When the price of the fund is high he puts a higher dollar amount in the fund and when the price is low he spends less money. This averages out his investment to the original $100 per month. Value averaging almost always

outperforms dollar cost averaging as a percentage return on the money invested. When used as part of a broader trading strategy it can help secure the growth of your investment fund.

Stocks versus Bonds

Whereas stocks give investors part ownership of a company, bonds are loans made by investors to corporations or governments. Rather than benefiting from company profits the way that stock holders do, bond holders receive a fixed rate of return – a percentage of the bond's original offering price. The return is called the 'coupon rate'. Bonds have a maturity date at which time the principal amount is returned. Bonds can be issued for any period of time – some take up to 30 years to mature.

Bonds always carry the risk that the principal amount may not be paid back. Companies with higher credit worthiness are more likely to be safe investments but their coupon rate will be lower than companies with lower credit ratings. Credit ratings are provided by firms such as Standard and Poor and Moody's Investor Service. Credit ratings range from a high AAA to a low D. US government bonds are considered to be the safest type of bonds. Blue chip corporations (those with established performance records that span over many decades) are also very safe bond investments. Smaller corporations have a greater risk of defaulting on their bonds, but bond-holders are preferential creditors and will get compensated before stock holders in the event that the business goes bankrupt.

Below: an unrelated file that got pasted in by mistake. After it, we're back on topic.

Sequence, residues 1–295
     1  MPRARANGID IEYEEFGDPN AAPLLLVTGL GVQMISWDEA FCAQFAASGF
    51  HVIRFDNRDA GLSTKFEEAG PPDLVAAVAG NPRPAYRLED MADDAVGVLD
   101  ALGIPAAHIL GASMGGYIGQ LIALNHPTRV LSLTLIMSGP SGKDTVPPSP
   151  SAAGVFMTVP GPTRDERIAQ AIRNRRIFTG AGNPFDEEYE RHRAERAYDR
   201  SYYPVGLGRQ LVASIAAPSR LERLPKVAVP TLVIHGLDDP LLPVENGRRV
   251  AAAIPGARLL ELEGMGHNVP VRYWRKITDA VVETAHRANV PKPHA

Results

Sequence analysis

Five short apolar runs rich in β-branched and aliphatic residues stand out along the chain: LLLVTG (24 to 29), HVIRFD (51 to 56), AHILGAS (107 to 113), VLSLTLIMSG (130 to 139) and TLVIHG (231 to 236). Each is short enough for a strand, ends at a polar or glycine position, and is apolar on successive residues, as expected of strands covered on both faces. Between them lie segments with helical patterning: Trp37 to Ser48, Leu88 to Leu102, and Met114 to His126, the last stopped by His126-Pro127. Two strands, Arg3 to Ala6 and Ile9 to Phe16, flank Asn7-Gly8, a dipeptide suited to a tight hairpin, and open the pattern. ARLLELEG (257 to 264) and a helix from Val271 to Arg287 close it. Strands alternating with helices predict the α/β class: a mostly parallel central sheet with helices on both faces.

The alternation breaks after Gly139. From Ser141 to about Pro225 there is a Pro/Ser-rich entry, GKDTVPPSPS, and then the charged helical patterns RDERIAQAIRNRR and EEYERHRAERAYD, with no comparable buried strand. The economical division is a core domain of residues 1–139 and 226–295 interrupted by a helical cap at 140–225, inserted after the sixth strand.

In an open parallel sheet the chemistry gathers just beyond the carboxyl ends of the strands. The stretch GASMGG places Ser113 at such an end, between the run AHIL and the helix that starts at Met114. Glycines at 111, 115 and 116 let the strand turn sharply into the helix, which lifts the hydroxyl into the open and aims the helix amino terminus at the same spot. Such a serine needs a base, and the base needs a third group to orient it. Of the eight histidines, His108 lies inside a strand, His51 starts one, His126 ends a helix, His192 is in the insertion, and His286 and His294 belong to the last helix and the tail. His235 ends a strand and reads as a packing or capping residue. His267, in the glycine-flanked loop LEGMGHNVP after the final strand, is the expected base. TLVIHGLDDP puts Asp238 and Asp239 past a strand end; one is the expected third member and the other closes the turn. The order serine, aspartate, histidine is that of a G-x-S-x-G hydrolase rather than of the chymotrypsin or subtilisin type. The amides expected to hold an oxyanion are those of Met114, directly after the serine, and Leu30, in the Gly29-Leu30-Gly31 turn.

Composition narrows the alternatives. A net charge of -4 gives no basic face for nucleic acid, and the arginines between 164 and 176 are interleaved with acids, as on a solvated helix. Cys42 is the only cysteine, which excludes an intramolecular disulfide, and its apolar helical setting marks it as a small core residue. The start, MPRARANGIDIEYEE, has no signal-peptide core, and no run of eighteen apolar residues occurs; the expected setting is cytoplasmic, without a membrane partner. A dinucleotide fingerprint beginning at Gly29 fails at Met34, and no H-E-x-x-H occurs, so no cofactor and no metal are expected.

Bonds can be bought and sold on the open market. Their value fluctuates according to the level of interest rates in the general economy. For example, if you hold a $1000 bond that pays 5% per year in interest you can sell the bond at higher than face value as long as interest rates are below 5%. If they rise above 5%, your bond can still be sold but usually at less than face value. This is because investors are able to get a higher interest rate than what your bond pays so in order to offset the difference your bond has to be sold at a lower cost.

Most bonds are traded in the Over-The-Counter (OTC) market which is made up of banks and security firms. Some corporate bonds are also listed on stock exchanges and may be bought through stock brokers. New issues of bonds are usually sold in $5000 increments while bonds bought and sold after the initial issues are quoted in increments of $100. A bond that is listed at 96 is selling for $96 per $100 face value.

Stocks or Bonds

When deciding whether to invest in stocks or bonds, the risks versus the potentials have to be weighed. Stocks have much greater potential to increase in value but they are also more subject to market fluctuations. Investment grade bonds (those with a rating of BBB or better) carry less risk but offer a relatively low yield. Most investors agree that for the short term, bonds offer greater security and return. The situation changes, however, when time spans of longer than 10 years are considered. The stock market has consistently outperformed bond investments by a large factor. This is

because companies continue to increase in value and any short term fluctuations in the stock market are smoothed out over time.